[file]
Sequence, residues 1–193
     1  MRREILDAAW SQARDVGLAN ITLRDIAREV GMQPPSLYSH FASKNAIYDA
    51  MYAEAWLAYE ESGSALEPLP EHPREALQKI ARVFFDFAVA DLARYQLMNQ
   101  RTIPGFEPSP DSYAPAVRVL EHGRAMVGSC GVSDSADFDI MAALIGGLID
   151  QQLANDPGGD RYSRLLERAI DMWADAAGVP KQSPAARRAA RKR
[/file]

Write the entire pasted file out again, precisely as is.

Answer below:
Sequence, residues 1–193
     1  MRREILDAAW SQARDVGLAN ITLRDIAREV GMQPPSLYSH FASKNAIYDA
    51  MYAEAWLAYE ESGSALEPLP EHPREALQKI ARVFFDFAVA DLARYQLMNQ
   101  RTIPGFEPSP DSYAPAVRVL EHGRAMVGSC GVSDSADFDI MAALIGGLID
   151  QQLANDPGGD RYSRLLERAI DMWADAAGVP KQSPAARRAA RKR